Two weeks ago, news outlets aired story after story about the deaths of those 33 students at Virginia Tech, and rightly so. It was an unthinkable tragedy in which the victims could have had no inkling that they were in harm's way.
That cannot be said for the journalists covering the Iraq war. They knowingly risk their lives to tell one of the most important stories there is.
How we are doing in Iraq, what the soldiers are going through, and what leaders are saying and doing will help define this nation far into the future. The view from the Pentagon is often very different from that of the boots on the ground, and the only way to get that latter view is from journalists and their support staffs willing to risk their safety to get it.
According to the Committee to Protect Journalists, the 100th journalist has died while telling the story of that conflict (that is the number atop this page). Thirty-two journalists were killed in 2006—the trend is sadly going up—more than in any previous year, with seven deaths so far this year.
Since the beginning of the war in March 2003, more journalists have been killed in action covering Iraq than in Vietnam, the first Iraq war, Afghanistan, Kosovo and Somalia—combined. The committee counts reprisal killings or the deaths of journalists caught in the crossfire, both enemy and, sadly, U.S. fire.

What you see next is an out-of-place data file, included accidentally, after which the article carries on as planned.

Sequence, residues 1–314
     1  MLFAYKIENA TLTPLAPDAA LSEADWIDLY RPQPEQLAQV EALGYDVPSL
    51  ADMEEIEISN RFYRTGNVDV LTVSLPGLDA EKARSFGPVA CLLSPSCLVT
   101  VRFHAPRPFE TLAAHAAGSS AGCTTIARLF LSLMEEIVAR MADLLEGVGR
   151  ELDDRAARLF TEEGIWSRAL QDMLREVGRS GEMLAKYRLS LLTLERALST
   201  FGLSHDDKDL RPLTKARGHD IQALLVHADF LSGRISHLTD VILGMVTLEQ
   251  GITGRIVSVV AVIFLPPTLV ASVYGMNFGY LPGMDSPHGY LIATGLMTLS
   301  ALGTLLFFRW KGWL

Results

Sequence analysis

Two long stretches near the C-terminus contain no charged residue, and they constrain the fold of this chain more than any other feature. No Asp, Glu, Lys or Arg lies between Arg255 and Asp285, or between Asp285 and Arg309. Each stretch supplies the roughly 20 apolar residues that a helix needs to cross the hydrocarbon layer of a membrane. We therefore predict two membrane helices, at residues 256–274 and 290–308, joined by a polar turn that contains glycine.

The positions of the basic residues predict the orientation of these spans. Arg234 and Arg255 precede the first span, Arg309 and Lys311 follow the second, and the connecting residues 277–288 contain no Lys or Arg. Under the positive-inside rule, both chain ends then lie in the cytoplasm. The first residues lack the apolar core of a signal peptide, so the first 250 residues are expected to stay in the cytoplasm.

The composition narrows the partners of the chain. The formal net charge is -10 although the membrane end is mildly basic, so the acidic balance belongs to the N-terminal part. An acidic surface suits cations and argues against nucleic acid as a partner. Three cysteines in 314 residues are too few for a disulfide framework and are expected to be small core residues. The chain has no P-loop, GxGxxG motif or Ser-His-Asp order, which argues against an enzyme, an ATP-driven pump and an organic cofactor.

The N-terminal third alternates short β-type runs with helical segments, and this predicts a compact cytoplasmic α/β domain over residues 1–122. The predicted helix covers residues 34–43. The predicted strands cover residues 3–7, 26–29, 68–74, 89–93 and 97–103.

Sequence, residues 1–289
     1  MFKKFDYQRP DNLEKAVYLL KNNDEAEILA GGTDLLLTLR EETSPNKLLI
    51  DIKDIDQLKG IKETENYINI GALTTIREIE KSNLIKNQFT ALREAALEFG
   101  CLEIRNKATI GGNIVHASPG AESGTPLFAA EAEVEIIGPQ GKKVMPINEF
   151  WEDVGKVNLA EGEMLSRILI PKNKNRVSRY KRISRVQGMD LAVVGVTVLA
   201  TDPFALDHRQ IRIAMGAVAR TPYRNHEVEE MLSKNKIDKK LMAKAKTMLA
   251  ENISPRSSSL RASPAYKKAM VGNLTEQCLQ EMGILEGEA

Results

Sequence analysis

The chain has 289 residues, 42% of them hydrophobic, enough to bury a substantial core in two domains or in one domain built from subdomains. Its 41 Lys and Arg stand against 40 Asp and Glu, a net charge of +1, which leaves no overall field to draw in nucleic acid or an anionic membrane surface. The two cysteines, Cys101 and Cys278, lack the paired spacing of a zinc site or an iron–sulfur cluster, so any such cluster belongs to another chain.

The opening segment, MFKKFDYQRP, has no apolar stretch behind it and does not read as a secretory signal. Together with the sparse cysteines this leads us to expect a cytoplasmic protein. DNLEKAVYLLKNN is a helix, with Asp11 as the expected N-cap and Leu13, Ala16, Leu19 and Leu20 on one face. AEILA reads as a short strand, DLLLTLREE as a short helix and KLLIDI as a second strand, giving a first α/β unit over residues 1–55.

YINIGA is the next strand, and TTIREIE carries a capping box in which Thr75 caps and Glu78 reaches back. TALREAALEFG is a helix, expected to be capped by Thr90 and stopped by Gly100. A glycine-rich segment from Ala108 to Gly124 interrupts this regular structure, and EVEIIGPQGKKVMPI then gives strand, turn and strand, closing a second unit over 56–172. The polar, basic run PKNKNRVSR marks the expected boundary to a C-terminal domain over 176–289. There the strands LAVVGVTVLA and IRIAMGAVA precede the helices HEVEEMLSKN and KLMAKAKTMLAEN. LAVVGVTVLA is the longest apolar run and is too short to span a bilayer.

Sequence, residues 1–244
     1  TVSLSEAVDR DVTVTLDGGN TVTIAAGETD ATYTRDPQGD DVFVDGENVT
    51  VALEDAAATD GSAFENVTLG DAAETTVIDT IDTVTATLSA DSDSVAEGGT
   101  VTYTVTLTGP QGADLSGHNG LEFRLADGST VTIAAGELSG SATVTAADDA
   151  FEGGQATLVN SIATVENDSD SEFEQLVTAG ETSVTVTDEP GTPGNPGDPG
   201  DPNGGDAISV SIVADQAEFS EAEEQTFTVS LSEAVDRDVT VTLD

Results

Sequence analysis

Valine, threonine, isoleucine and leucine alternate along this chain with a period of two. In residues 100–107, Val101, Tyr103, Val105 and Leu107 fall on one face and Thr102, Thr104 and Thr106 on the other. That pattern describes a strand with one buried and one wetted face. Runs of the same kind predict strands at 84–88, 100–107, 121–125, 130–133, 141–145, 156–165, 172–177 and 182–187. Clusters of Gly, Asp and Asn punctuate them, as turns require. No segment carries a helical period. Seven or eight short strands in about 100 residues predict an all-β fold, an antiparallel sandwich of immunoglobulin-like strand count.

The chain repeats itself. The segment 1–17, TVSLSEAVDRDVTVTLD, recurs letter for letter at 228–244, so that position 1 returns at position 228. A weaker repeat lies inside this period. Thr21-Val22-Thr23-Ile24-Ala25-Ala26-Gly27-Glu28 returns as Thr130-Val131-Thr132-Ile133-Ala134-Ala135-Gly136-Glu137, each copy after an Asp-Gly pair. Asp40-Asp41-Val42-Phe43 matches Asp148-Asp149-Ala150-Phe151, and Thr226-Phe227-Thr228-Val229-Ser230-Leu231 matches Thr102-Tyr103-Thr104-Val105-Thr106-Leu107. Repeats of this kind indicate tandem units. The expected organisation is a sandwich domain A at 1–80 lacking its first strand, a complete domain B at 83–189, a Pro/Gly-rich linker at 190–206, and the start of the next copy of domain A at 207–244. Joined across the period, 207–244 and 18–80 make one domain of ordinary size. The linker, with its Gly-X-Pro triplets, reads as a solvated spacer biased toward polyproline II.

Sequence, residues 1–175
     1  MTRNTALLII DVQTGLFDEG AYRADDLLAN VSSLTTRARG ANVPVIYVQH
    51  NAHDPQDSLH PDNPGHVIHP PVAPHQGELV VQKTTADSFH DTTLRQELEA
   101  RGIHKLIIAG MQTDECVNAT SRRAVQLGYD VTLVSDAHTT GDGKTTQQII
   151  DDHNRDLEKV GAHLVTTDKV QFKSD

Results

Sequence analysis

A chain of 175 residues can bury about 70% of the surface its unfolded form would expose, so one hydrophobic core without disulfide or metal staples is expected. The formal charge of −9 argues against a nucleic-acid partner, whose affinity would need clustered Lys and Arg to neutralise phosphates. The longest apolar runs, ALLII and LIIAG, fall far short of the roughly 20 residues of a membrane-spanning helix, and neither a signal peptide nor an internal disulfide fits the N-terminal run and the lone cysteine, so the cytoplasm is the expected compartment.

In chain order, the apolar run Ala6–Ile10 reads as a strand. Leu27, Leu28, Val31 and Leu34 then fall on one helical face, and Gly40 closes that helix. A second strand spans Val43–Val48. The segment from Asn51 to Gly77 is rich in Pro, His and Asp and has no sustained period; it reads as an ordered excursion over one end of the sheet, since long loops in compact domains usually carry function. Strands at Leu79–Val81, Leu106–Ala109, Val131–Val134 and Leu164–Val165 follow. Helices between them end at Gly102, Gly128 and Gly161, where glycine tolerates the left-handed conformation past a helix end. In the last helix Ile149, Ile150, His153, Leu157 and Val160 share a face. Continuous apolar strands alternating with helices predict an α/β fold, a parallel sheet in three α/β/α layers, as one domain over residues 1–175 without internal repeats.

Reporters and editors make up the majority of the dead, numbering 62, followed by photographers and camera operators (25), producers (seven) and technicians. Most of the dead are Iraqi journalists, although a growing number of Iraqis are reporting for Western news organizations.
What's it like to report from the maelstrom, where every byline is a target for terrorists?
“I worry about threatening letters or a bomb planted at my family's doorstep,” said Bassam Sebti, a reporter for The Washington Post, in a first-person account published last year by the committee. “In 2004, a colleague had to flee Iraq after a bomb shattered windows and destroyed parts of his home. As a reaction, I've created my own security measures. When I am home, for example, my parents don't answer any nighttime knocks on the door. Instead, I check who is there, in case it is someone with a gun. (For more of Sebti's sobering account, click on the link in the online version of this Editorial.)
Not counted are journalists killed in accidents, including plane or car crashes, unless they were the result of hostile action. Also not on the list but in the hearts and prayers of the journalistic community are the 37 support workers killed helping journalists tell the story. They include tech support, drivers, interpreters and security staff.
The list also does not count those wounded, whose lives will be forever changed by their service to their country. We are thinking particularly of ABC's Bob Woodruff and CBS' Kimberly Dozier.
In an age when idols are measured by the amount of mousse in their Mohawk, it's good to remember who the real idols should be.